Russia’s invasion of Ukraine will continue to dominate market focus and sentiment in the week ahead, as prices of oil and other commodities keep spiking on supply concerns. All four major US indices, including the , and , closed lower on Friday to finish both the day, and week, in the red.
posted its biggest weekly gain on record amid media reports that the Biden administration is weighing a ban on US imports of Russian crude oil to punish the Kremlin for its invasion of Ukraine.
Conversations are taking place within the administration and with the US oil and gas industry on the impact such a move would have on American consumers and the global supply, Bloomberg reported, citing sources.
With investors focusing on broader geopolitical risks stemming from the Russia-Ukraine conflict, here are three stocks we’re monitoring during the coming week:
Rivian Automotive (NASDAQ:), the electric truck and SUV maker backed by Amazon (NASDAQ:), is scheduled to report its fourth quarter earnings on Thursday, Mar. 10, after the market close. Analysts are forecasting a loss of $1.79 a share on sales of $60.5 million.
Shares of the Irvine, California-based electric vehicle maker have been under severe pressure since hitting their post-IPO high in late November on concerns that the EV startup will struggle to ramp up production amid supply chain disruptions. The stock, which went public on Nov. 10, 2021, closed on Friday at $47.39, more than 70% below its 52-week high of $179.47.
Since its listing in November, Rivian has made only limited progress on its debut consumer EV, a battery-electric powered pickup truck called the R1T. In December, the company revealed in its first a slower-than-expected ramp in production which it attributed to supply chain challenges. Rivian said then that it would fall “a few hundred vehicles short” of its full-year goal to produce 1,200 EVs in 2021.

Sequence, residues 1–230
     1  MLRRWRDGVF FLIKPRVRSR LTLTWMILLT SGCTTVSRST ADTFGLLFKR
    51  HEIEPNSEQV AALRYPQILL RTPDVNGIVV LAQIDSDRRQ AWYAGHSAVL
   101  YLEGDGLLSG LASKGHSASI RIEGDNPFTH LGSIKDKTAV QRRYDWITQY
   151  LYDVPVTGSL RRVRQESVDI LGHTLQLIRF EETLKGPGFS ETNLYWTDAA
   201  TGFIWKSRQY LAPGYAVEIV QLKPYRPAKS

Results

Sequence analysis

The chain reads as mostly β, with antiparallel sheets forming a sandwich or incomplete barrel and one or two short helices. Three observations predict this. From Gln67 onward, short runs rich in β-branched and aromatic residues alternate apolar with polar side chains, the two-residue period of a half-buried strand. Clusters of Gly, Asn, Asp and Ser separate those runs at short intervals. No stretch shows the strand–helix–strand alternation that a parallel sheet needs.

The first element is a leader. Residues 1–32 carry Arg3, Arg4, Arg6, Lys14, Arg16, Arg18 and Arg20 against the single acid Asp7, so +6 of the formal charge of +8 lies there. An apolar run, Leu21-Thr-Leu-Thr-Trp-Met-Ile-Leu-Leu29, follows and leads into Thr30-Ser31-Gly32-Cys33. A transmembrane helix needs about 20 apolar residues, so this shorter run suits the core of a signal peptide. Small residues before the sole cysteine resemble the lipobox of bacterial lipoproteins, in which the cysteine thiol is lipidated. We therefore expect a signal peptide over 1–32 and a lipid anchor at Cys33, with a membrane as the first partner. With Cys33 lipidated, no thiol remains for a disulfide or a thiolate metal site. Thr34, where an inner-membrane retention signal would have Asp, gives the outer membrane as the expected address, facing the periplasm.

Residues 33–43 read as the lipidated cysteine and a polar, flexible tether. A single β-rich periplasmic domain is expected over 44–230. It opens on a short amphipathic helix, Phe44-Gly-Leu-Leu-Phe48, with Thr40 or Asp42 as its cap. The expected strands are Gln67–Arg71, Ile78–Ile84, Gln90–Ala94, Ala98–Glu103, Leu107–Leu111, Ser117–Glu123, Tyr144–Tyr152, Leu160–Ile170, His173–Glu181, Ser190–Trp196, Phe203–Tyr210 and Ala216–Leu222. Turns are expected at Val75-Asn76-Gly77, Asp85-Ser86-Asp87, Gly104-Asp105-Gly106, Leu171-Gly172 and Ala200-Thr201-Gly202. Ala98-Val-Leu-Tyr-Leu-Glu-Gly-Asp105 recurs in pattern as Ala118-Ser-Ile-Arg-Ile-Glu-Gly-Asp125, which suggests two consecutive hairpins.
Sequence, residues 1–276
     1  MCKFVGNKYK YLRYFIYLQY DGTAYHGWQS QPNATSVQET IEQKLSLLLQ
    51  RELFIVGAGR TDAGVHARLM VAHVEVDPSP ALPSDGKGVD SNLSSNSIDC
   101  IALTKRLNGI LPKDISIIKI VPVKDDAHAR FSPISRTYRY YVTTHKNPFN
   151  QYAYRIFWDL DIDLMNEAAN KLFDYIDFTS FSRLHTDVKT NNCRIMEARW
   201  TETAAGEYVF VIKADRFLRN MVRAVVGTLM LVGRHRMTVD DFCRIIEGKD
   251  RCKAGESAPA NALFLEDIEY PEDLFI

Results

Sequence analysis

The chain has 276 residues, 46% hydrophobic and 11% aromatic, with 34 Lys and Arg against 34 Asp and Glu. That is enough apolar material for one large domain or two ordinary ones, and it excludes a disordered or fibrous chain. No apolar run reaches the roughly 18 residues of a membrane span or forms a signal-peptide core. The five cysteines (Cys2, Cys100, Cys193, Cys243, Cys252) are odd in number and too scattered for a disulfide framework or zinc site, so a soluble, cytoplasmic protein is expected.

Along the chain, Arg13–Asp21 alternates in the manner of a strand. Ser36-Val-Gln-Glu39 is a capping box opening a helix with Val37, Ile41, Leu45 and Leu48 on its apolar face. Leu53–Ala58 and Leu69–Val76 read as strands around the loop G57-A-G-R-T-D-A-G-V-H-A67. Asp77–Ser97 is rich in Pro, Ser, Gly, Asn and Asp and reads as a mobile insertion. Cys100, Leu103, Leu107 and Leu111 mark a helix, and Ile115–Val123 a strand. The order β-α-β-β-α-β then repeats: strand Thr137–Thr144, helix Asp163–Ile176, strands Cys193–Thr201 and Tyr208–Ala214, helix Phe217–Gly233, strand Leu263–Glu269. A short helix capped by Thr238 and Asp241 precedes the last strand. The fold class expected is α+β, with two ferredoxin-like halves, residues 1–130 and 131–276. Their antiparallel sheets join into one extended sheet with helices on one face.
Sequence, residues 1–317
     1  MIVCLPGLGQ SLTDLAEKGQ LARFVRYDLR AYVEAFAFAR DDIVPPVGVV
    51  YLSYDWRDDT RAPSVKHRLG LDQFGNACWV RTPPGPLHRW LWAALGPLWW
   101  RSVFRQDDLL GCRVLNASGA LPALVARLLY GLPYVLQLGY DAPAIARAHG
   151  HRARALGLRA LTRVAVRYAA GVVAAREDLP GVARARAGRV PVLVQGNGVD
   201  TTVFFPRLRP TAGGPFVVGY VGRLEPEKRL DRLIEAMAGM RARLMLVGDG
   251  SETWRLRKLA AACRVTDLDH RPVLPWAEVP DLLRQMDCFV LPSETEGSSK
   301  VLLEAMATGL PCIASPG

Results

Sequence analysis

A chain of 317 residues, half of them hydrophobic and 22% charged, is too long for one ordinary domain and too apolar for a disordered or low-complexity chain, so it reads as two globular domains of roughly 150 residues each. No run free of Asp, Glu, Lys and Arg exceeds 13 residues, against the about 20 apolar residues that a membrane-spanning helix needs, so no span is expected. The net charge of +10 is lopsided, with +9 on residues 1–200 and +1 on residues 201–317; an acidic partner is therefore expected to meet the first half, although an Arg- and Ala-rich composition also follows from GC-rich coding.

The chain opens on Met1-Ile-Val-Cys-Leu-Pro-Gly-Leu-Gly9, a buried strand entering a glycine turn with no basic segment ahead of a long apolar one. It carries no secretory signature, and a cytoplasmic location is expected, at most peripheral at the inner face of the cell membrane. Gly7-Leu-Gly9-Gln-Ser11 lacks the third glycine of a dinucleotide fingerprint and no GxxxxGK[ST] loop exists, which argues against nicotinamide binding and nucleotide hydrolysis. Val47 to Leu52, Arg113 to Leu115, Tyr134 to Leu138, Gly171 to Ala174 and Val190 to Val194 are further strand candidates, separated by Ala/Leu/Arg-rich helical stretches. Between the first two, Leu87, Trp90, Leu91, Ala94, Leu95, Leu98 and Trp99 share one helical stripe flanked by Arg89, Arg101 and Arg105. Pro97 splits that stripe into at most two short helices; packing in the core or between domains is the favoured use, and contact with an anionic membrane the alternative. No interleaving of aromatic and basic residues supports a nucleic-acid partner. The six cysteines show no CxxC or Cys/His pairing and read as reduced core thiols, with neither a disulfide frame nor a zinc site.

At one point, the post-IPO buying spree made Rivian worth more than almost 90% of S&P 500 companies, including stocks like Boeing (NYSE:), Starbucks (NASDAQ:) and Caterpillar (NYSE:).
The e-signature platform, DocuSign (NASDAQ:) is another tech sector stalwart reporting quarterly earnings, albeit for FYQ4 2022, after the market closes on Thursday. Analysts see $0.479 a share profit on sales of $561.58 million.
The San Francisco-based application software business experienced explosive growth for its digital services during the past two years, as the shift to remote work and social distancing prompted companies to seek digital signatures from workers, customers and clients working from home, as they managed their contracts and crucial documents electronically.
However, now signs are emerging that the company’s growth has already peaked. In December, DocuSign provided a that missed analysts’ estimates, after six quarters of accelerated growth. DocuSign shares, which are down 33% this year, closed on Friday at $101.38.
Communication and entertainment services giant AT&T (NYSE:) will hold its Analyst & Investor Day webcast on Friday, Mar. 11 at 10AM ET. The company plans to update investors and other attendees on its strategies for business and capital allocation.
The Dallas, Texas-based company is undertaking deep restructuring currently, aiming to spin off media operations and focus on its core telecom business. The company told investors last month that it plans to cut its dividend payout by about half following the spinoff of its WarnerMedia business to Discovery (NASDAQ:) in the second half of the year.
According to the announcement, AT&T will lower its dividend payout ratio to about 40% of cash flow, translating to about $1.11 a share, or $8 billion annually. Until the deal, which is expected to close in the second quarter of 2022, takes effect AT&T’s dividend remains at its current $2.08 a share, or about $15 billion annually, for a current yield of 8.71%.
Over the past two years, AT&T has vastly underperformed the benchmark S&P 500, losing about one-third of its value. The stock closed on Friday at $23.87.